However, there are several reasons why spouses may not wish to create the right of survivorship afforded by tenants by the entirety ownership.
For example, it may not further their estate planning goals, the marriage may be a later marriage and the spouses choose to keep their assets separate or when certain marital agreements (such as an antenuptial or prenuptial agreement) mandates a different ownership type. In such cases, the spouse co-owners should include language in the transfer deed clearly indicating that the spouses are assuming ownership of the subject real property as tenants in common of the specific fractional interest owned by each spouse.
Enhanced Life Estates (a.k.a. Lady Bird Deeds) as an Estate Planning vehicle
In Florida, enhanced life estate deeds, commonly referred to as “Lady Bird” deeds, are also used to transfer real estate property without the need for probate after the death of the life tenant (14 Fla. Prac., Elder Law § 9:53 (2015-2016 ed.)).
Specifically, an enhanced life estate deed is an alternative form of ownership to JTWRS or Tenancy by the Entirety that differs from a typical life estate in that the life tenant (a person who has the right to some real estate for his lifetime) in an enhanced life estate maintains the right to convey or encumber the subject real property without the remainderman’s (the individual who receives the real estate when the life tenant dies) consent. A life tenant also retains the ability to unilaterally change the enhanced life estate (14 Fla. Prac., Elder Law § 9:56 (2015-2016 ed.).). Another benefit of owning a life estate interest in real property is that it entitles the life tenant to certain real property related benefits, such as a full homestead tax exemption while the life tenant is alive (§ 196.031, Fla. Stat.).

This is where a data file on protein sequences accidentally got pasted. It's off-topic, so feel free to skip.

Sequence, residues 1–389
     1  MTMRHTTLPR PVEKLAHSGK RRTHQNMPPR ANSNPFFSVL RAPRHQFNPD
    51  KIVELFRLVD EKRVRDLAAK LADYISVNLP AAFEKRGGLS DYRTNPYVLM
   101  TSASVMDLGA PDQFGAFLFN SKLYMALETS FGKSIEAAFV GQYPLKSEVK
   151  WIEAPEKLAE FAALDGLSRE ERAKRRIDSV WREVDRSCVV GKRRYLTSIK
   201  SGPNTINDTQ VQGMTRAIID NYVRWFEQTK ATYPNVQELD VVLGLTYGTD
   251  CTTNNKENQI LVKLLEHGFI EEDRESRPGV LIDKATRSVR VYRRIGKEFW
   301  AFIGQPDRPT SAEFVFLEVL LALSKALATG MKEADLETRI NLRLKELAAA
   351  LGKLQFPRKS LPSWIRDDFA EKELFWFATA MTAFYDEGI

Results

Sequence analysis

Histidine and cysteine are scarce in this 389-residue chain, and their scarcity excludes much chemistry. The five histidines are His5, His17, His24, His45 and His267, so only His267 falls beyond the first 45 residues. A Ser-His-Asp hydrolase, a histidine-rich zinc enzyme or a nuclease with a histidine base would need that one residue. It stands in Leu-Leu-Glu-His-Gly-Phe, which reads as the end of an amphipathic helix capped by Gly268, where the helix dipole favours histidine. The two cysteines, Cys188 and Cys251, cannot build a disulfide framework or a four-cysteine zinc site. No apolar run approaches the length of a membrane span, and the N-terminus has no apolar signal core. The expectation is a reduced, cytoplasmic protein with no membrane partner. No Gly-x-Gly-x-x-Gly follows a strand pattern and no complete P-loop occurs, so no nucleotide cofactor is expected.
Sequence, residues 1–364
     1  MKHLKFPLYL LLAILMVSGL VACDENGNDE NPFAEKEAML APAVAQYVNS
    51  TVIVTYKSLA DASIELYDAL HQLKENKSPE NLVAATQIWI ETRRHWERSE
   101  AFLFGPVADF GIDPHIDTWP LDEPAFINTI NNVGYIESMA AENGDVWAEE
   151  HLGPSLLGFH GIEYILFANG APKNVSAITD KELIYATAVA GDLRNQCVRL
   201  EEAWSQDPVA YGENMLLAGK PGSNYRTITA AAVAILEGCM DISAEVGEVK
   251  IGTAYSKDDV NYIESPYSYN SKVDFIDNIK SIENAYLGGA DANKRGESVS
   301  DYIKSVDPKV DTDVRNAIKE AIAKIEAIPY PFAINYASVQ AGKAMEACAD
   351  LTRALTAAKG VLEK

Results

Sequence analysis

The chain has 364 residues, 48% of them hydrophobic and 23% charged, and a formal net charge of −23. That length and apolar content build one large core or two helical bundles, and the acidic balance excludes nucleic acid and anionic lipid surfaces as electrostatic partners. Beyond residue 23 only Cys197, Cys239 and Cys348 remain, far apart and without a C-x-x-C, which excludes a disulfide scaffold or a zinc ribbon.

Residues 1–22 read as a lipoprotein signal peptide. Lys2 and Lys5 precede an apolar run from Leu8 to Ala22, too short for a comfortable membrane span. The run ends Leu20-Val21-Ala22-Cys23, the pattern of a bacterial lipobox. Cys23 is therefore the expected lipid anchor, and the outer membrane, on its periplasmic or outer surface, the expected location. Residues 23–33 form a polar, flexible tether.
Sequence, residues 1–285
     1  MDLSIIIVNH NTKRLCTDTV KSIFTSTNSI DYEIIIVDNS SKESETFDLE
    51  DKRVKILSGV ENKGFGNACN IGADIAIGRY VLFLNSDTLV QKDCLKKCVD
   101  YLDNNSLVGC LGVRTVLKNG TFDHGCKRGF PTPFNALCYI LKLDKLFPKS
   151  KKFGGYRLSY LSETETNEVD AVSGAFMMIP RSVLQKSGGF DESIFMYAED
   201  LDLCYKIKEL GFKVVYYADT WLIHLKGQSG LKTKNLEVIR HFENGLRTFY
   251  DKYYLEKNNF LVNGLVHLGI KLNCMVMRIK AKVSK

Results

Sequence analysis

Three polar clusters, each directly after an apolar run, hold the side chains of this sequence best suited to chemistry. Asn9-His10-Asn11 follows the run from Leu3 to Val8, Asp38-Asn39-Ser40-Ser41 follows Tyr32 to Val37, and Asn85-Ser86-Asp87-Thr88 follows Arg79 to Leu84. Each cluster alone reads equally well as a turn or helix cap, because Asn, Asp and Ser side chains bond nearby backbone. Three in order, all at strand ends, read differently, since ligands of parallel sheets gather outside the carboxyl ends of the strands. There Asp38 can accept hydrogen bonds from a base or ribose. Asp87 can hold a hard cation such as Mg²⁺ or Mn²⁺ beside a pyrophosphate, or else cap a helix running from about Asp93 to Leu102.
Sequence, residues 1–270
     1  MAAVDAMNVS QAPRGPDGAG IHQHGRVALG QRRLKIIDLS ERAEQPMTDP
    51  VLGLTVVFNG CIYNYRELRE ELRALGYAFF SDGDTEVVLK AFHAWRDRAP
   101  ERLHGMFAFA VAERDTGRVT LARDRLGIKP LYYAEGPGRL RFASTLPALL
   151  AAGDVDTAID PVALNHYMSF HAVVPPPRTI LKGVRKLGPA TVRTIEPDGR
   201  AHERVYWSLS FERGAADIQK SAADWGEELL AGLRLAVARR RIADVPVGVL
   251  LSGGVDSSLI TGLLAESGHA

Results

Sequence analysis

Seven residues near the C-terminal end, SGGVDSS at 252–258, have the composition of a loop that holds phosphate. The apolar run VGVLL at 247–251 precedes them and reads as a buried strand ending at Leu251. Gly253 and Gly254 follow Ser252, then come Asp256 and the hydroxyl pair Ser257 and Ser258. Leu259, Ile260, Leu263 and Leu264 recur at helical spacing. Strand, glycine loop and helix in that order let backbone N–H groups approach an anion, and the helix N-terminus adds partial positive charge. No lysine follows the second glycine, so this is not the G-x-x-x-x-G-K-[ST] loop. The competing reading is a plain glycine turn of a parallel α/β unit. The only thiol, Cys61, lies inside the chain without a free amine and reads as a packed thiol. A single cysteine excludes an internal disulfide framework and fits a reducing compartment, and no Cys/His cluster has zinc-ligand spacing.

After death considerations
While these ownership types are intended to avoid probate and allow for the “transfer” of property without further action, there are certain instances after the death of a joint owner in which the remaining owner(s) must act.
For example, the remaining joint owner (or remaindermen) should have the deceased owner’s name removed from the county’s real property tax bill by recording a redacted certified death certificate.
Additionally, oftentimes title companies helping to facilitate subsequent conveyances of the subject property require transfer deeds to be recorded reflecting sole ownership by the remaining joint owner. Also, prior to insuring a new, independent owner, a title insurance company may require one of the following:
- Record a redacted certified copy of the death certificate in the appropriate county’s public records;
- Record an affidavit of continuous marriage in the appropriate county’s public records reflecting that the tenancy by the entirety ownership was continuous before the deceased owner’s death and was never terminated by virtue of divorce;
- Include specific language regarding the death of the deceased joint owner or the life tenant in any subsequent transfer deed to a new, independent owner.
While vesting ownership in one of the above-referenced manners is in no way a complete replacement for a comprehensive estate plan, it does provide money and time-saving benefits. Properly vesting ownership in real property is a necessary and valuable tool regardless of the size of one’s estate. If your goal is to avoid the probate process and ensure that your real property accurately and efficiently passes to your loved ones, contact a qualified attorney today to discuss your options.